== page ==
Barnett, Mac (Author), Klassen, Jon (Illustrator)
This picture book is certain to spark the imagination of every child who comes upon it, and what could be better than that? Annabelle lives in a black-and-white world, where everything is drab, drab, drab. So imagine her surprise when she finds a box filled with yarn of every color. Armed with the yarn and knitting needles, she makes herself a sweater, but when she finishes, she finds that she has extra yarn left over. After knitting a sweater for her dog, her classmates, and various (hilariously unsurprised) bunnies and bears, she still has extra yarn. So, Annabelle turns her attention to things that don’t usually wear wool cozies: houses and cars and mailboxes. Soon an evil archduke with a sinister mustache “who was very fond of clothes” hears about the magic box of never-ending yarn, and he wants it for his own. Reading like a droll fairy tale, this Barnett-Klassen collaboration is both seamless and magical. The spare, elegant text and art are also infused with plenty of deadpan humor. Klassen (I Want My Hat Back, 2011) uses ink, gouache, and digital illustration to fashion Annabelle’s world out of geometric shapes, set against dark, saturated pages, and against white as the town comes to colorful, stitched life. Quirky and wonderful, this story quietly celebrates a child’s ingenuity and her ability to change the world around her.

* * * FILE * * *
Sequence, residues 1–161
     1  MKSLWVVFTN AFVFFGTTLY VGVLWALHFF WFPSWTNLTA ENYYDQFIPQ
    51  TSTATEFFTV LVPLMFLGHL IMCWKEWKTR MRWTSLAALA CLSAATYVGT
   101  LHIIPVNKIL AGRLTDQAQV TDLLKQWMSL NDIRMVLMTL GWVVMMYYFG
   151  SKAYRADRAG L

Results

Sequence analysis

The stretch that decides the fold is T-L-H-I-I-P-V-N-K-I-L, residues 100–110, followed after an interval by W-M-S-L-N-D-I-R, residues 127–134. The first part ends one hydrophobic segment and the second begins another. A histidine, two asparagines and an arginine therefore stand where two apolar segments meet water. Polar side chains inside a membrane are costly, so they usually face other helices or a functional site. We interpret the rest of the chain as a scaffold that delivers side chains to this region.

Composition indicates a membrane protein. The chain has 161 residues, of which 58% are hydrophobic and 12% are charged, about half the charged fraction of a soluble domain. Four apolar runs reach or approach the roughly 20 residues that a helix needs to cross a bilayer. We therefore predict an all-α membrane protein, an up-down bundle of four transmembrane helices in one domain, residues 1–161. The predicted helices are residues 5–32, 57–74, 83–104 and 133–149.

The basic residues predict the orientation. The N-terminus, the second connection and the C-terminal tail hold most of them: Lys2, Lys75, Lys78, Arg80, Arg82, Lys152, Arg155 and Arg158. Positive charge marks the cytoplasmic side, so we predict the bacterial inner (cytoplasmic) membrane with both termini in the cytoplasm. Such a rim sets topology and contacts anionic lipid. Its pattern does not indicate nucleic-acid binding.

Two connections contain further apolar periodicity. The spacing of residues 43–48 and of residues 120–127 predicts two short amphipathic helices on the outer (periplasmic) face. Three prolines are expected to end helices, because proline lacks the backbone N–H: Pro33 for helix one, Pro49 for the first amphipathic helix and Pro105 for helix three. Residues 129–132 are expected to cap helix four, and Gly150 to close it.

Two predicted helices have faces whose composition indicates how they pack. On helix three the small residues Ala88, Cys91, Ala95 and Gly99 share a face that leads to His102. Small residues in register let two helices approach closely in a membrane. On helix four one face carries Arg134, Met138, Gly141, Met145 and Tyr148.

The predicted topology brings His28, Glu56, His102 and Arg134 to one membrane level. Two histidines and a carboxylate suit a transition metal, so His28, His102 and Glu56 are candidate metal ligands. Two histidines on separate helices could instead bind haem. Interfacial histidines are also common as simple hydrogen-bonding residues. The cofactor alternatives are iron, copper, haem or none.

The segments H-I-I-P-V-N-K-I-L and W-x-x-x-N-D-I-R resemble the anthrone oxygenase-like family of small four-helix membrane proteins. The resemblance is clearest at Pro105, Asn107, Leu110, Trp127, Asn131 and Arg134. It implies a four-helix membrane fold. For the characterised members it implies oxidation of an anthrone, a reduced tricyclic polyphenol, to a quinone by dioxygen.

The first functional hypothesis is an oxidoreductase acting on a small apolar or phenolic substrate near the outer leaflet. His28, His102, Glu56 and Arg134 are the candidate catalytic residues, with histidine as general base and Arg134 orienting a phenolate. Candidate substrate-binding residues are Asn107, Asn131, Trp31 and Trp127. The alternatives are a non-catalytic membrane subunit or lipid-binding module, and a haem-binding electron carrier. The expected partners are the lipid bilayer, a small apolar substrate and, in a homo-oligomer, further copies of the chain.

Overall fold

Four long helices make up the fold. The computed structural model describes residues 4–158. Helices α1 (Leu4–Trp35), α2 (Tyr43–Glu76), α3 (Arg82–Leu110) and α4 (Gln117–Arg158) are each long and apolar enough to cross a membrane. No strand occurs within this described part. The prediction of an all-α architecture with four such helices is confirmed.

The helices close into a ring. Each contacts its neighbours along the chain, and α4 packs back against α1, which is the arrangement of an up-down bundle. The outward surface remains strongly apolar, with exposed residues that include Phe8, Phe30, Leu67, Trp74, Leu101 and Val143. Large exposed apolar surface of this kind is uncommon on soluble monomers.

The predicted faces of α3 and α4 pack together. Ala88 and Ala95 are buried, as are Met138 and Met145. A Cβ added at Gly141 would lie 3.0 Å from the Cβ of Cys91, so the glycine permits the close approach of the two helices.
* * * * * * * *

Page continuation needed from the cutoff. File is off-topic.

Reminds me of Yarn Bombing:
"The sight of neatly wrapped balls of wool and the phrase knit one, pearl one conventionally conjures up images of little old ladies lovingly creating cardigans and bootees, but the newly coined concept of yarn bombing could change all that …
There's a new craze sweeping cities all over the world, in which knitters have had the inspiration to knit for things rather than people. Conventionally at least, knitting is associated with creating things that will keep people warm – scarves, gloves, bobble hats and good old woolly jumpers. But it seems that there's a new craze sweeping cities all over the world, in which knitters have had the inspiration to knit for things rather than people. Imagine a lamp post with a scarf wrapped around it, or a UK telephone box with its own 'cosy' cover? From Perth and Michigan to London and Belfast, it's been possible in recent times to see splashes of artistic creativity such as these, whose wooliness and sudden, unsolicited appearance has inspired the term yarn bombing. If you're finding it difficult to imagine what they look like, then check out this link which has some great examples – my own personal favourite is the tree!"